Friday, March 09, 2012

Second Level Thinking

This is a phrase coined by Howard Marks in his book, "The Most Important Thing". This book is truly a rarity for investors, with both new and old concepts well thought out and written clearly. The best part: the concepts are even valid for institutional fund managers. Very rarely we find something useful both for professional and retail value investors.

So one of the most intriguing concept is this Second Level Thinking. What is this all about? Well to answer that, we first need to know what is first level thinking.

According to Howard Marks, most investors possess only first level thinking. First level thinking is obvious, superficial and consensus. Examples of first level thinking would be:

"Apple is launching iPad 3 in 2 weeks, let's buy."
"Oil just went up another 5%, airlines will be hit, sell SIA."
"WD is being hit by the Thai flood, buy Seagate."
"Toyota recalls 100,000 cars! Sell sell sell!"

Almost everyone can be a first level thinker. Just read the headlines and draw the obvious conclusion. Well, this doesn't mean that first level thinking investors doesn't make money. I can hear you shouting, "If this dumb blogger have bought Apple 2 years ago when the stock price was at $300, he would be so rich that he wouldn't be blogging now."

That is obviously true. Being consensus can still help you make money, but it may not help a lot over the long run. You might make money from Apple but you might jolly well be sucked into buying Yahoo! in 1999, or Li Ning at it's finest moment, holding the Olympic torch in 2008 or Singapore's Oceanus, the abalone story that went on fire a couple of years back. Btw all 3 examples would have burnt big holes in the investors' pockets.

First level thinking won't get you very far because everyone is doing it. It derives easy and average answers. That cannot help you generate good long term return. It is even less likely that you can beat the market.

2nd Level Thinking is complex and tedious. It is about mental aerobics, in-depth research and perhaps even long, difficult discussions with like-minded thinkers. The 2nd Level Thinker asks questions such as:

1) Does the market already know this?
2) What are all the scenarios?
3) How can one invert and think otherwise?
4) Are there comparison with other situations?
5) What is the probability that I am right and the market is wrong?

2nd Level Thinking is not just about non-consensus. It has to be non-consensus and yet correct. Different and better. It has to be two steps ahead.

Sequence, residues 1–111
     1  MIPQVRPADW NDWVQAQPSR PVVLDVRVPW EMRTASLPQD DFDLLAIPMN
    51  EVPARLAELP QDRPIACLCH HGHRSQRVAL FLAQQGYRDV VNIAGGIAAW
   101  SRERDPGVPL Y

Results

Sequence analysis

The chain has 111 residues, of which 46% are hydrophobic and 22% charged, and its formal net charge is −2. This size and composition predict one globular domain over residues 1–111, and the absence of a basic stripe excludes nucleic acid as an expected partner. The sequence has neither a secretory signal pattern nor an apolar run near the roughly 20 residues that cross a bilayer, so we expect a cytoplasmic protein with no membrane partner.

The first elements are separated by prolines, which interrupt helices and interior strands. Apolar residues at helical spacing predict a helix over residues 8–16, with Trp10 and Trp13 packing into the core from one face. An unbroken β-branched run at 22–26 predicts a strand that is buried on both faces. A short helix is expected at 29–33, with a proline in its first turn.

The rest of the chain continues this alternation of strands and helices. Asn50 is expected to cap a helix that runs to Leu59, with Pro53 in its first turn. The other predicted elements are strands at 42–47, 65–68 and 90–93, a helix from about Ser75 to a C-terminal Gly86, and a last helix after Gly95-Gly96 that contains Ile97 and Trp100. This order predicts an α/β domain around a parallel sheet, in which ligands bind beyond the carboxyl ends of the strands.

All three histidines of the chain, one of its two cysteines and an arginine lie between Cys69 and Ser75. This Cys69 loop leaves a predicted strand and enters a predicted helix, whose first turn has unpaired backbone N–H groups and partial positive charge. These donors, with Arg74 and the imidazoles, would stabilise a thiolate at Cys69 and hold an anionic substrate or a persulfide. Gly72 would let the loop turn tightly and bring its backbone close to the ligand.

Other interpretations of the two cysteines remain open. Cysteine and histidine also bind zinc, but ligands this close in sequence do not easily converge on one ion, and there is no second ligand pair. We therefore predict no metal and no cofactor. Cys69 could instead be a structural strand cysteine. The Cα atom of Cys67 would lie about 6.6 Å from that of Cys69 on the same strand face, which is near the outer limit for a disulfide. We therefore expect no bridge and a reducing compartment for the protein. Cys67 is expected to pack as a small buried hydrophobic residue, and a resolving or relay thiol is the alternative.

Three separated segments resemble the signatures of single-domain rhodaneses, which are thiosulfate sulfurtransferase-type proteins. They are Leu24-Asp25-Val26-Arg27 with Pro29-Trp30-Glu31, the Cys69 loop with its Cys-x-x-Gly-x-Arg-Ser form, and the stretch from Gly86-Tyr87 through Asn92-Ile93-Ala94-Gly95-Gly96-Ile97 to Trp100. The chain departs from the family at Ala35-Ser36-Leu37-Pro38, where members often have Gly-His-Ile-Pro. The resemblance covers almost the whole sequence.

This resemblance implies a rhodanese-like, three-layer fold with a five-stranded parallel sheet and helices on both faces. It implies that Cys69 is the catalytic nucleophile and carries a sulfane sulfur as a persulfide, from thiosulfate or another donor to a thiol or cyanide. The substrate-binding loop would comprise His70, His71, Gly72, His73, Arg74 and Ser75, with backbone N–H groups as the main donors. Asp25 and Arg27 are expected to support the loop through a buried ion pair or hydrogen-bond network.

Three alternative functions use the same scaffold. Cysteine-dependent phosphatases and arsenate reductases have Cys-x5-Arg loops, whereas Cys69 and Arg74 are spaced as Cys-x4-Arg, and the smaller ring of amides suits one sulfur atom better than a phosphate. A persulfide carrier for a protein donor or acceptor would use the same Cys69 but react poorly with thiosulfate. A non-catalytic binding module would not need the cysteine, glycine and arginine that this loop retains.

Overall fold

A good illustration of 2nd Level Thinking would be about BP and its accident in the Gulf of Mexico. For the un-initiated, BP's off-shore oil rig exploded 2 years ago and caused the world's largest oil spill that impacted millions of humans, plants and animals in the vicinity.

For those who remember the drama, it was pretty excruciating. First we see footage of the explosion, then the spills, the poor ducks, the fishermen being interviewed and for days on end, they couldn't cap the well. Oil kept gushing out. Experts opinionated everything. How BP cut corners, how the ecosystem will be irreversibly damaged, the penalties and costs will run into billions. Meanwhile the CEO went sailing with his son and got lambasted further. Major media circus.

So the first level thinkers were like, BP is going bankrupt. Let's sell BP. Or even better, short the stock dead. Meanwhile BP's market cap halved. In absolute dollar terms, it fell roughly USD 100bn. A few years ago, that is the GDP of Singapore. Even today more than 100 countries still have GDPs lesser than USD 100bn.

So the 2nd Level thinkers would be going, "Wait a minute, 100 billion? Is that right?" When was the last big oil spill? What was the final tally for costs and penalties? Did the affected co. go bankrupt? What is the Gulf of Mexico's contribution to BP? Can BP simply ring-fence its US operations? Is bankrupting BP better or would the US Govt prefers BP to continue generating cashflow to pay the costs?

Well as it turns out, penalties and costs today cannot even hit USD 50bn. Even the amount that BP already paid out: 37bn or so, might not be fully utilized. A 2nd Level thinker at that time would also have found out that the whole US operations contributes only a third to BP and ring-fencing the whole US would have made sense if penalties and costs exceed a certain amount. Certainly BP would be worth much more alive than dead, why would the US Govt bankrupt BP?

So, when the market cap fell by USD 100bn, the market went crazy thinking BP would go bankrupt. It factored in more than the worst scenario that BP will lose its entire US operations. So it was time to buy BP back then, not sell.

Today BP's market cap is USD 150bn. So a 2nd Level thinking investor made 50% or more. Perhaps with more to come.

Post a Comment